When I decided to move to Taiwan, I spammed Gretchen, my future Hsinchu roommate, with questions. She graciously answered all 50 of my long, in-depth, blabbermouth, doesn’t-know-how-to-be-succint, worried emails. I may not be much of a talker sometimes, but I’ll write your face off.
Quite a few people have contacted me, now that I’ve been here more than a few hours, about my move abroad, and they have the same questions I did. The biggest concern? Finances.
So I’ve decided to make a terrifically boring, long, couldn’t-be-succint-if-I-tried post about money.
This post is going to be like an adult movie – you’re going to see everything. Real numbers, real finances. And you’re going to get bored halfway through, fast forward to see if there are any good parts, then quit paying attention.
Taiwan New Dollar vs. US Dollar
Taiwan New Dollar, aka New Taiwan Dollar, NTD, NT, NT$, or 元
Taiwan is a cash-based society and utilizes full-dollar amounts – no cents or decimal places. It has four coins that dwarf coins in the US: 1nt, 5nt, 10nt, 50nt. There are 100nt, 500nt and 1,000nt bills that look like Easter threw up.
As of 2:30pm on 8 December 2011:
1nt = $0.033 $1 = 30.15nt
10nt = $0.33 $10 = 301.53nt
100nt = $3.30 $100 = 3,015.35nt
1,000nt = $33.15
Bank of America checking balance: $5,561.25 (thank you, cashed-in retirement funds)
Bank of America savings balance: $210.11
Student loan balance: $17,598.79
Citi credit card balance: $2,877.30
Second Citi credit card balance: $0
Bank of America credit card balance: $9,705.60
Wachovia car payment balance: $6,476.22
Total credit card debt: $12,582.90
Bank of America checking balance: $221.75
Bank of America savings balance: $4.82
Balances pre-December payments
Student loan: $15,651,21
Citi credit card: $3,123.61 (month-long trip home in July, all on this card)
Second Citi credit card: closed
Bank of America credit card: $6,837.54
Wachovia car payment: sold
Total credit card debt: $9,961.15
But Mandy, if your finances in Taiwan are so great, why do your checking and savings account balances look so sad? I bought: 2 scooters (the first died a very ungraceful death), a heavy-duty winter coat, a visa to China, a flight to China, a week-long vacation in China, a month-long vacation in California/Texas/Vancouver, two trips to Hong Kong. And TUAPA owns my heart. Chew on that, Judgmental Judy.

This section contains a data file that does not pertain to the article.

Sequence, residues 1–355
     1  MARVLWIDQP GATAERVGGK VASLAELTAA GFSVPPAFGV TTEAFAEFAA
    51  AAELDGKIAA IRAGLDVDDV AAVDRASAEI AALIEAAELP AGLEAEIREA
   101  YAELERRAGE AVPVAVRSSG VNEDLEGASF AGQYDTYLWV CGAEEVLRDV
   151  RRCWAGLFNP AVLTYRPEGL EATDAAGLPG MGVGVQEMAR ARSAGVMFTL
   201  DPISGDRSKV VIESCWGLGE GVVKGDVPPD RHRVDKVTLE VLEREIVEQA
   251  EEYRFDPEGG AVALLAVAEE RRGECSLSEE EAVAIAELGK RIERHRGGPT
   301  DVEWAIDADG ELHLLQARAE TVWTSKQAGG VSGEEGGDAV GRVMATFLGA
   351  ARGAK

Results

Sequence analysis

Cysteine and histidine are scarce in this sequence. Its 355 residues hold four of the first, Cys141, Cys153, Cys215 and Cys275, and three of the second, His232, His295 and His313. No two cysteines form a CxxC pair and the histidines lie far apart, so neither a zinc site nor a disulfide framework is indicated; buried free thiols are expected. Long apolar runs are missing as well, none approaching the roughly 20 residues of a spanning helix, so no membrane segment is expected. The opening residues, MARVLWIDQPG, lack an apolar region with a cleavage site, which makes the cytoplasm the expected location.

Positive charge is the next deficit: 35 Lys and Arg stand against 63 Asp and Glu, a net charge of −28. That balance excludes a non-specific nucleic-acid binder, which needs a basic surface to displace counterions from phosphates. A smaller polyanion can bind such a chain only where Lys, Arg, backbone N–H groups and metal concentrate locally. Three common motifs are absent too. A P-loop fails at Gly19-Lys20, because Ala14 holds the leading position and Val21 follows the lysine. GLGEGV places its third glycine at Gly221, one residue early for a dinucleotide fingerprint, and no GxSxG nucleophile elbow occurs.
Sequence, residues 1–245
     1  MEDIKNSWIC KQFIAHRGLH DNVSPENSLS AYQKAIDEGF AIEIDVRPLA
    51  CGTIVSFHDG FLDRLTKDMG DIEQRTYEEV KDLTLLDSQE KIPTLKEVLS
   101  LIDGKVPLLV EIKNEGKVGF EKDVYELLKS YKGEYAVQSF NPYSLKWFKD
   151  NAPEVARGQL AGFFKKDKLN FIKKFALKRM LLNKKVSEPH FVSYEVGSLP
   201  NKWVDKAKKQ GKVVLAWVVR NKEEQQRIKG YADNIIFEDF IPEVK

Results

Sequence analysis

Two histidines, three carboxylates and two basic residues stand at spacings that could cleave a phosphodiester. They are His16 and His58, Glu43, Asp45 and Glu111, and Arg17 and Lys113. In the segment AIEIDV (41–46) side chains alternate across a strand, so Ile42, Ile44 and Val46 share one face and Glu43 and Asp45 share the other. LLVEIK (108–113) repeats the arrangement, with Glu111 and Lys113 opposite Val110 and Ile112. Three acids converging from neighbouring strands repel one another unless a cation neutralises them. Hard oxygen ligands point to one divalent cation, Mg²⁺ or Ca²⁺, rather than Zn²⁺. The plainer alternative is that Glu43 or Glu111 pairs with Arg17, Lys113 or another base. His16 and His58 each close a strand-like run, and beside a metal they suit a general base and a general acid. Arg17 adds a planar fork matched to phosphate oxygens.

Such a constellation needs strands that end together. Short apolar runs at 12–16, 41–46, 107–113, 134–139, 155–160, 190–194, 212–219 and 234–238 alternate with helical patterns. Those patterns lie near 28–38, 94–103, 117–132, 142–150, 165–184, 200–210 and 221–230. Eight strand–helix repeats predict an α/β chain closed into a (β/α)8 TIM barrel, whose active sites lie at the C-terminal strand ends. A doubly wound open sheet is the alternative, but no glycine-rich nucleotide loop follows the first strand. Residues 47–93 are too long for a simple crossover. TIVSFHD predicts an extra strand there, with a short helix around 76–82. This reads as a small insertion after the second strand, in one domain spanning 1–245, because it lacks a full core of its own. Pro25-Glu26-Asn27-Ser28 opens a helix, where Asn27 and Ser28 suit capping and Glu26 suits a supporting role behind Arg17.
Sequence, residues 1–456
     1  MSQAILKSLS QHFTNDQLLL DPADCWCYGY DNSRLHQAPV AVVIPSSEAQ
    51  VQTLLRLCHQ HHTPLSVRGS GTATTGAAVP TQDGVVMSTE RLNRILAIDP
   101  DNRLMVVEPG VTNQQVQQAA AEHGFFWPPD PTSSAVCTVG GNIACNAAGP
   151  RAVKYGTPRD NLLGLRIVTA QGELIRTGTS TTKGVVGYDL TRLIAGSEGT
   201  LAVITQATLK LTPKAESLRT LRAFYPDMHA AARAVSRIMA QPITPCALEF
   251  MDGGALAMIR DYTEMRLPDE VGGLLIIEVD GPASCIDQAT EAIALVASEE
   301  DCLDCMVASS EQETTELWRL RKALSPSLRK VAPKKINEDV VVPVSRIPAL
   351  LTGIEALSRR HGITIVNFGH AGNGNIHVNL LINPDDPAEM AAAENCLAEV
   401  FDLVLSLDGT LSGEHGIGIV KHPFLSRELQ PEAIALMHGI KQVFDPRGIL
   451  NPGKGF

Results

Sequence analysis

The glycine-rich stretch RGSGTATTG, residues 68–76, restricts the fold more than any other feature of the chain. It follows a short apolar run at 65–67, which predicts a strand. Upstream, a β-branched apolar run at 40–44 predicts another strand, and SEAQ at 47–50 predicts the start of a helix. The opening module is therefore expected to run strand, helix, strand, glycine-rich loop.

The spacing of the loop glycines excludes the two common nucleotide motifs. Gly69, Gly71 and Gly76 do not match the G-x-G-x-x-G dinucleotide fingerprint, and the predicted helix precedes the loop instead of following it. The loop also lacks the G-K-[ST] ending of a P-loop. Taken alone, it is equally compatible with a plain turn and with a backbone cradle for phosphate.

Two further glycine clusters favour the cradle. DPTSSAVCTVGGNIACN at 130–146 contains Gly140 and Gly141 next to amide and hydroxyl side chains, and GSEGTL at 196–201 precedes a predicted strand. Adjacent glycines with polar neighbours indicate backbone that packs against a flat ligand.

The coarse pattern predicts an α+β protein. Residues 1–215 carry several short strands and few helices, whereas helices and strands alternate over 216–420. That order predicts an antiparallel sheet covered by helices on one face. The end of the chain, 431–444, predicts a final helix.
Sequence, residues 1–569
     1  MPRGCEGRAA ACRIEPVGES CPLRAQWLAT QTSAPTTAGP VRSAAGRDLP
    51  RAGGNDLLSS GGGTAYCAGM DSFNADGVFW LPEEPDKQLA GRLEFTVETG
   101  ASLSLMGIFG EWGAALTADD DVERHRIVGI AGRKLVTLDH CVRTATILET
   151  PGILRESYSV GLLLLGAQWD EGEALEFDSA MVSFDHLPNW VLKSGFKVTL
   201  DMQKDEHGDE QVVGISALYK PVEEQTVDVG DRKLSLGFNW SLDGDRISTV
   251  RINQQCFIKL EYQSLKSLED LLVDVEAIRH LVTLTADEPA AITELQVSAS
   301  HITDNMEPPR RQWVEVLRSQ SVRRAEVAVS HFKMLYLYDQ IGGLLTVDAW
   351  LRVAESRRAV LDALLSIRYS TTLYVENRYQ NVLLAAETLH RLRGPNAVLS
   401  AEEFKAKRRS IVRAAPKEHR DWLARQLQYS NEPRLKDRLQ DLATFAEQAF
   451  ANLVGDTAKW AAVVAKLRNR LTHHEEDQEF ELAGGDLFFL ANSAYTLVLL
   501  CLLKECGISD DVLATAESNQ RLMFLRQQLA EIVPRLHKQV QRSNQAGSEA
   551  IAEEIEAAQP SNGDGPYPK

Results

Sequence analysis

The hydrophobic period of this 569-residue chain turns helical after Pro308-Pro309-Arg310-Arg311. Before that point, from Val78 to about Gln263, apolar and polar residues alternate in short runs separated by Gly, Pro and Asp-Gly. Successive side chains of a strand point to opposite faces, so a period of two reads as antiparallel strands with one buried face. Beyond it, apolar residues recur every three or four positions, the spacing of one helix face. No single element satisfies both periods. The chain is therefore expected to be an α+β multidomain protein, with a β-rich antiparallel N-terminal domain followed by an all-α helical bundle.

Income: $2,197.82 (my annual salary was $37,500)
Rent: $650 (29.57% of income)
Car payment: $306.50 (13.94%)
Bills and other debits: HELLO, DEBT
teaching and tutoring:
Jan 2011: 60,112nt ($1,992.87)
Feb 2011: 31,000nt ($1,027.73) (due to Chinese New Year. No work = no pay)
Mar 2011: 28,312nt ($938.62) (thanks again, CNY)
Apr 2011: 46,912nt ($1,555.26) (lost one tutoring job, teaching hours reduced)
May 2011: 36,912nt ($1,223.73) (looking for full-time job)
working 9-4 at telecom company, 4:30-6 tutoring:
Dec 2011 total income: 69,742nt ($2,312.13)
Taxes were taken out of my teaching income, which significantly reduced my pay. No taxes are taken out of my current paycheck; I’ll have to file and pay next year, likely around 8,000nt ($265.22).
Rent: Sept 2010 – Aug 2011: 8,000nt ($265.22)
Sept 2011 – Nov 2011: 3,500nt ($116.03)
Dec 2011: 5,000nt ($165.76)
Current rent is 7.17% of my income.
Wire Transfers and Paying Bills
I list my mom as a co-conspirator on my Bank of America accounts, and she has a debit card to access my checking account. She has full access to my account, and all my Bank of America (checking, savings, and one credit card) and Citi (now just one credit card) statements go to my parents’ house.
I generally send money home on the 6th of every month. The 5th is payday, unless life is rotten and the 5th falls on a Sunday, and then the 6th is payday. The next day I take a wad of cash to E. Sun Bank, which Gretchen found. E. Sun Bank charges a flat rate of 300nt ($9.94) for wire transfers. To compare, I have an account with Taiwan Cooperative Bank and they wanted to charge me 800nt ($26.52). Way to fail, TCB.
Tangent: Non-teaching companies here have direct deposit only, not paychecks, and each company contracts with a bank or two for its employees. If I switched jobs here and the new company contracted with a different bank, I’d have to switch banks. Teaching jobs pay cash. You’ll never handle a Taiwanese check as a foreigner.
I walk into E. Sun Bank with a wad of cash. I take in my ARC (residency card) and fill out a form with wire transfer information from BoA, which I get when I log into my account online.
The first time I wired money home, I’d hoarded over 96,000nt over the course of three months, so if anything was filled out incorrectly and I didn’t get the money, I’d be minus $3,000 and plus one heart attack. It was nervewracking.
After filling out the form the first time, though, I just take my copy back with me every time so we can copy the information and check the appropriate boxes. When Peggy, my favorite teller, helps me, I don’t even have to fill out a new form – I slide her the form/ARC/money, she works her bank magic, then has me sign a new form confirming the transfer. Easy.
The money I sent 7 December (yesterday) at 12:30pm showed up online when I checked my Bank of America account 7 December (yesterday) at 10:30pm. I paid my two credit card bills and my student loan bills online and voila – done.
Amount wired: 32,000nt ($1,040.90)
E. Sun Bank fees: 300nt ($9.94)
Bank of America incoming wire fees: none, but I have a $12 monthly maintenance fee
My smallest wire to-date is $360.27. That was a rough month.
So there you have it.
That should cover more than you ever wanted to know. If I missed something, don’t be shy – just ask. I’m more financially stable here than I ever have been, and much of that is because I ONLY use cash. If payday is next Tuesday and I only have 500nt in my wallet, then I’d better only spend 500nt. There is no alternative. It’s a good life lesson.